Pershing Hires Citigroup to Sell Entire J.C. Penney StakeMatt Townsend
Bill Ackman’s Pershing Square Capital Management LP hired Citigroup Inc. to underwrite the sale of its 39.1 million J.C. Penney Co. shares, after reaching an agreement earlier this month to unload its stake.
The department-store chain today filed a prospectus for the shares that account for about 18 percent of its stock and make Pershing its largest investor. Under the registration agreement filed on Aug. 16, the hedge fund can start selling blocks of the stock four times a year.
The stake sale coincides with Ackman’s agreement earlier this month to quit the board of J.C. Penney after a public clash over its direction and management succession. It also brings to an end a saga in which Ackman’s handpicked CEO Ron Johnson alienated customers with a plan to turn the chain into a collection of boutiques and presided over its worst annual sales in more than two decades.
“Ackman overplayed his hand with Johnson,” Paul Swinand, an analyst for Morningstar Inc. in Chicago, said in an interview. The move to sell his stake will be the end of “a debacle” for J.C. Penney and its shareholders, he said.
J.C. Penney shares dropped 1.7 percent to $13.12 in extended trading, after falling 1.1 percent to $13.35 at the close in New York. The stock has declined 32 percent this year compared with a gain of 16 percent for the Standard & Poor’s 500 Index.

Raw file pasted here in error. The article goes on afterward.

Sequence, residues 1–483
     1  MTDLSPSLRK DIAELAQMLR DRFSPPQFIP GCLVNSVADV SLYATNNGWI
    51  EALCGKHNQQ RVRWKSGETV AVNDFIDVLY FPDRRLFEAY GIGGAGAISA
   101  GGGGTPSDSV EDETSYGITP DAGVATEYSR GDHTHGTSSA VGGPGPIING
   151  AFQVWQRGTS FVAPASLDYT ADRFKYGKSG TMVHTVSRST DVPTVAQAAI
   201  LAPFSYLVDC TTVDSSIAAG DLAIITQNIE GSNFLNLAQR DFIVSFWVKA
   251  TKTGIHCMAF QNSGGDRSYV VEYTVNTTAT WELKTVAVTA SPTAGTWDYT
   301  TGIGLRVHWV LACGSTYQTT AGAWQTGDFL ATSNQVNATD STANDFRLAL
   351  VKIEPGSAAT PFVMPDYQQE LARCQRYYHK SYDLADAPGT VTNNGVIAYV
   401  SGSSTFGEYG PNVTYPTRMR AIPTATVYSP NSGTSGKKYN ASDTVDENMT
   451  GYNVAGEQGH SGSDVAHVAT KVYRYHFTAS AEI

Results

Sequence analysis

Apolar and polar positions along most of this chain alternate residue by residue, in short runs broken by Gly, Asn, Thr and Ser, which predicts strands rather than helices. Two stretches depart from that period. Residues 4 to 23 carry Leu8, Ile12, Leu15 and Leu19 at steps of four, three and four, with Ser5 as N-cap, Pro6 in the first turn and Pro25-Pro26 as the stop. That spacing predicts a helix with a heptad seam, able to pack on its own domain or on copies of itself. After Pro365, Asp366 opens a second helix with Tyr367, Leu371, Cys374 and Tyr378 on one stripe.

If Pershing sold its stake in the Plano, Texas-based retailer at today’s closing price, the fund would take a loss of $490 million, according to data compiled by Bloomberg. Ackman declined to comment in an e-mail.
Pershing became J.C. Penney’s largest shareholder in October 2010. Ackman then joined the board in February 2011 and began pushing for changes, assuming the activist investor role he also took at many companies, including Target Corp. Four months later, J.C. Penney chose Johnson to replace Mike Ullman as CEO, hiring him away from heading Apple Inc.’s successful stores.
After sales fell 25 percent last year, leading to a net loss of $985 million, Johnson was ousted in April and replaced by Ullman as interim CEO.